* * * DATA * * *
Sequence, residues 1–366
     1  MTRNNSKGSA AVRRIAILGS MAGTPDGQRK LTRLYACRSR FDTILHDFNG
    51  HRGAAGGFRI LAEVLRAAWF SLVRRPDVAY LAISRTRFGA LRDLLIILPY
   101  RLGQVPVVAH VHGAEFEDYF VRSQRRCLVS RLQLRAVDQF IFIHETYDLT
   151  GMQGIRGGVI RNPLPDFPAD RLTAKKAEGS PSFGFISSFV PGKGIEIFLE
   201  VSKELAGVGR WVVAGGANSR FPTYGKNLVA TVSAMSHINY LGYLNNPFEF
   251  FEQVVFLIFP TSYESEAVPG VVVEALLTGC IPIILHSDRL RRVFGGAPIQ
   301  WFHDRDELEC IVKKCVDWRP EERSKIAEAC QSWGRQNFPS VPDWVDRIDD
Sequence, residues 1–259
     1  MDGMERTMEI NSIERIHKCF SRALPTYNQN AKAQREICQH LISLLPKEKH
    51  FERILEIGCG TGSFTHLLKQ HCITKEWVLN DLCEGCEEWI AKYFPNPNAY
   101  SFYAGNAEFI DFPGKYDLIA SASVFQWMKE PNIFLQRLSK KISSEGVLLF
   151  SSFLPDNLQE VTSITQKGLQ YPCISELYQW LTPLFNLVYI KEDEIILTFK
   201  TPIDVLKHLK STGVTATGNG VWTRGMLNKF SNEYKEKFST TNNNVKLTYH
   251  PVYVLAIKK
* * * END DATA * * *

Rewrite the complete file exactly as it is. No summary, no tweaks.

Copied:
Sequence, residues 1–366
     1  MTRNNSKGSA AVRRIAILGS MAGTPDGQRK LTRLYACRSR FDTILHDFNG
    51  HRGAAGGFRI LAEVLRAAWF SLVRRPDVAY LAISRTRFGA LRDLLIILPY
   101  RLGQVPVVAH VHGAEFEDYF VRSQRRCLVS RLQLRAVDQF IFIHETYDLT
   151  GMQGIRGGVI RNPLPDFPAD RLTAKKAEGS PSFGFISSFV PGKGIEIFLE
   201  VSKELAGVGR WVVAGGANSR FPTYGKNLVA TVSAMSHINY LGYLNNPFEF
   251  FEQVVFLIFP TSYESEAVPG VVVEALLTGC IPIILHSDRL RRVFGGAPIQ
   301  WFHDRDELEC IVKKCVDWRP EERSKIAEAC QSWGRQNFPS VPDWVDRIDD
Sequence, residues 1–259
     1  MDGMERTMEI NSIERIHKCF SRALPTYNQN AKAQREICQH LISLLPKEKH
    51  FERILEIGCG TGSFTHLLKQ HCITKEWVLN DLCEGCEEWI AKYFPNPNAY
   101  SFYAGNAEFI DFPGKYDLIA SASVFQWMKE PNIFLQRLSK KISSEGVLLF
   151  SSFLPDNLQE VTSITQKGLQ YPCISELYQW LTPLFNLVYI KEDEIILTFK
   201  TPIDVLKHLK STGVTATGNG VWTRGMLNKF SNEYKEKFST TNNNVKLTYH
   251  PVYVLAIKK